Gregg Popovich

Popovich ‘disappointed’ by league’s fine against Spurs


After the NBA fined the Spurs $250,000 for resting four healthy starters for Thursday’s game in Miami against the defending champs, plenty of people weighed in on the decision.

Saturday night before the Spurs faced the Grizzlies, it was Gregg Popovich’s turn.

And while he didn’t use very strong words when explaining his feelings about the punishment handed down to his organization, he came out against it nonetheless.

From the Associated Press:

Speaking publicly for the first time since NBA commissioner David Stern handed down the stiff penalty Friday, the Spurs coach and team president said he was “disappointed” in the decision.

“What I do from my perspective is from a coaching perspective,” said Popovich before the Spurs defeated the Grizzlies 99-95 in overtime on Saturday night. “And I think the league operates from a business perspective. And I think that’s reflective in the action that they took.”

Popovich bristled when asked before Saturday night’s game against Memphis whether he might nonetheless do the same thing, as the NBA’s reigning coach of the year often does when posed with hypothetical questions. But he didn’t rule it out, either.

“I don’t have a crystal ball,” Popovich said.

We can all put this behind us for the time being, now that Popovich has made his decision, and David Stern countered with one of his own.

And yes — the Spurs came from down 13 after three quarters to beat a very good Grizzlies team, largely on the strength of those bench players that got quite a bit of experience playing against Miami’s starters on Thursday, under the national spotlight.

What Popovich did by resting healthy players for that game in Miami was wrong from the league’s perspective, for a variety of reasons. But it’s hard to argue with the team-specific results achieved on Saturday, which may or may not have been due in part to that decision.

Dwyane Wade serious as mentor, teaching Justise Winslow post moves

Third day of Miami Heat camp 10/1/2015
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Dwyane Wade has earned his status as an elder statesman, the E.F. Hutton kind of veteran who speaks and everybody listens.

Rookie Justise Winslow is listening.

Winslow (who should have gone higher in this draft) is a perfect fit for the Heat and he’s going to be part of their rotation off the bench from the start of the season (along with Josh McRoberts and Amare Stoudemire). Wade has already fully stepped into the mentor role with Winslow working with him on post moves, reports Jason Lieser at the Palm Beach Post.

“As his career develops, hopefully he’s able to do multiple things on the floor, but right now there’s gonna be certain things (Erik Spoelstra) wants him to do, and some of those things I’m good at,” Wade said. “I’m just passing down knowledge to someone who I think could be good at things that I have strengths at. It’s gonna take a while, but if he figures it out at 21, he’s ahead of the curve. I figured it out at like 27.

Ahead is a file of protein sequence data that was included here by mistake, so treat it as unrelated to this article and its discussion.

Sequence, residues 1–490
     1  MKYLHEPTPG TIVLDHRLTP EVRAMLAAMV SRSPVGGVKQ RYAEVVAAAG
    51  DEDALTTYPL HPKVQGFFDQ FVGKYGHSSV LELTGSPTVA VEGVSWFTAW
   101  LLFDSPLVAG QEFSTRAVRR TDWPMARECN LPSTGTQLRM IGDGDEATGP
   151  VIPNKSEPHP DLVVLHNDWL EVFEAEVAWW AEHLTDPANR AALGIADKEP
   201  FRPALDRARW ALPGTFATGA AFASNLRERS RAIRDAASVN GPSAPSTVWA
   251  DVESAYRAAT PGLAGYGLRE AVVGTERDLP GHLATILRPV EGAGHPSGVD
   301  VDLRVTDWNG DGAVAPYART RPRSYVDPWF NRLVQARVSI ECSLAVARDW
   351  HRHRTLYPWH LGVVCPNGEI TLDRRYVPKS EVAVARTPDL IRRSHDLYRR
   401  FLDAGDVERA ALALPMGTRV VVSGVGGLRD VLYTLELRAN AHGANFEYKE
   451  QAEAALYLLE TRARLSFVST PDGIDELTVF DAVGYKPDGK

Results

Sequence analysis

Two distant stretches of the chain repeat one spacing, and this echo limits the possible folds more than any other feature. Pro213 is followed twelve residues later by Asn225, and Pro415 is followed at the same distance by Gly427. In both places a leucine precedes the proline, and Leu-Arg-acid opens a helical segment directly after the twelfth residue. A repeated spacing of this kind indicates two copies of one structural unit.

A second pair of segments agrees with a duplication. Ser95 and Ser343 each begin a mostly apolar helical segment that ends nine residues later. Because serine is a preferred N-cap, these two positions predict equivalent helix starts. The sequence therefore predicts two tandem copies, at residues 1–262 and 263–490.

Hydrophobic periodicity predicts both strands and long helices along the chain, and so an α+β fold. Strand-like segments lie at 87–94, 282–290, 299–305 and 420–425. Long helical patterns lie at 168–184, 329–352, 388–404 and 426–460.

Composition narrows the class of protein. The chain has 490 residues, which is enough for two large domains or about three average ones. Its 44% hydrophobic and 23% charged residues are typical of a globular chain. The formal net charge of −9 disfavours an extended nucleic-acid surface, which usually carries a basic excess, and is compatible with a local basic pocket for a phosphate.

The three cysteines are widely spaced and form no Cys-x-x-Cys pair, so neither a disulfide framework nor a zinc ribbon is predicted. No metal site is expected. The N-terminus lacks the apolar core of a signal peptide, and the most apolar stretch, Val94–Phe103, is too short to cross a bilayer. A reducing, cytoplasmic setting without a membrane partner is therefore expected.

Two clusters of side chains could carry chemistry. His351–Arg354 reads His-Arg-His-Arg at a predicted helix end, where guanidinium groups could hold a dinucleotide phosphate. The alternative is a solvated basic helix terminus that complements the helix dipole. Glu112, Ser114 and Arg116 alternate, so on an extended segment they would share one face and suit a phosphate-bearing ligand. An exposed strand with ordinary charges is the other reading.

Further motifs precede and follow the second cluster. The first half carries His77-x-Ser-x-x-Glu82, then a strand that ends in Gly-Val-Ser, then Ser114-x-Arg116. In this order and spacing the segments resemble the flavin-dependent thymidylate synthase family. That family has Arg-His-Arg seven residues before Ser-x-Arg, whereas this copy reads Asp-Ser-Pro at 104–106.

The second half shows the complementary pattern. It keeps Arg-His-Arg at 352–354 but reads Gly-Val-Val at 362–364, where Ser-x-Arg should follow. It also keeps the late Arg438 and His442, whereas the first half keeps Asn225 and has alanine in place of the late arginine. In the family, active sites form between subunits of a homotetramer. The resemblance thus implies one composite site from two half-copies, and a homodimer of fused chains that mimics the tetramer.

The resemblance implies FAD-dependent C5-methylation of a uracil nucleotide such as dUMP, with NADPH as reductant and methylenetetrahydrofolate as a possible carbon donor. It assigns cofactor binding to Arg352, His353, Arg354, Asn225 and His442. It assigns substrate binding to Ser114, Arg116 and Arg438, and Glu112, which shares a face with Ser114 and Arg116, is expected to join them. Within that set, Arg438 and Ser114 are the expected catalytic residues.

“All of us are where we’re at because someone before us helped us. They helped by letting us sit there and watch film with them or having conversations with them. If he’s a student of it and he really wants to know, I’m a pretty decent teacher in certain areas.”

This is what you want out of a veteran leader and some of the young teams out there have done an excellent job adding this kind of mentor — Kevin Garnett in Minnesota may be the best example. Someone who can pass on his wisdom and show the team’s young players how to be a professional and win in the NBA.

It’s a little different for Winslow, he and the Heat are more in a win-now mode, but he should be able to contribute to that.

NBA All-Star, champion Bill Bridges dies at age 76

ATLANTA - 1968:  Bill Bridges#10 of the Atlanta Hawks poses for a portrait circa 1968 in Atlanta, Georgia. NOTE TO USER: User expressly acknowledges and agrees that, by downloading and or using this Photograph, user is consenting to the terms and conditions of the Getty Images License Agreement.  Mandatory Copyright Notice: Copyright 1968 NBAE (Photo by NBA Photo Library/NBAE via Getty Images)

Bill Bridges, a star as a Kansas Jayhawk who went on to have a 12-year NBA career that included being part of the 1975 Golden State Warriors championship team, has passed away, according to the University of Kansas.

Bridges was an undersized power forward at 6’6″ but he was a beast on the boards who averaged 11.9 rebounds a game for his career and more than 13 a game for six straight years at the peak of his career. That 11.9 per game average is still 27th all-time in NBA history.

A New Mexico native, Bridges was a three-time All-Star (all as a member of the Hawks), two-time All-NBA Defensive team, and was part of the 1975 Warriors title team. Besides the Hawks (St. Louis and Atlanta) and Warriors, Bridges played for the Sixers and Lakers.

Our thoughts are with his family and friends.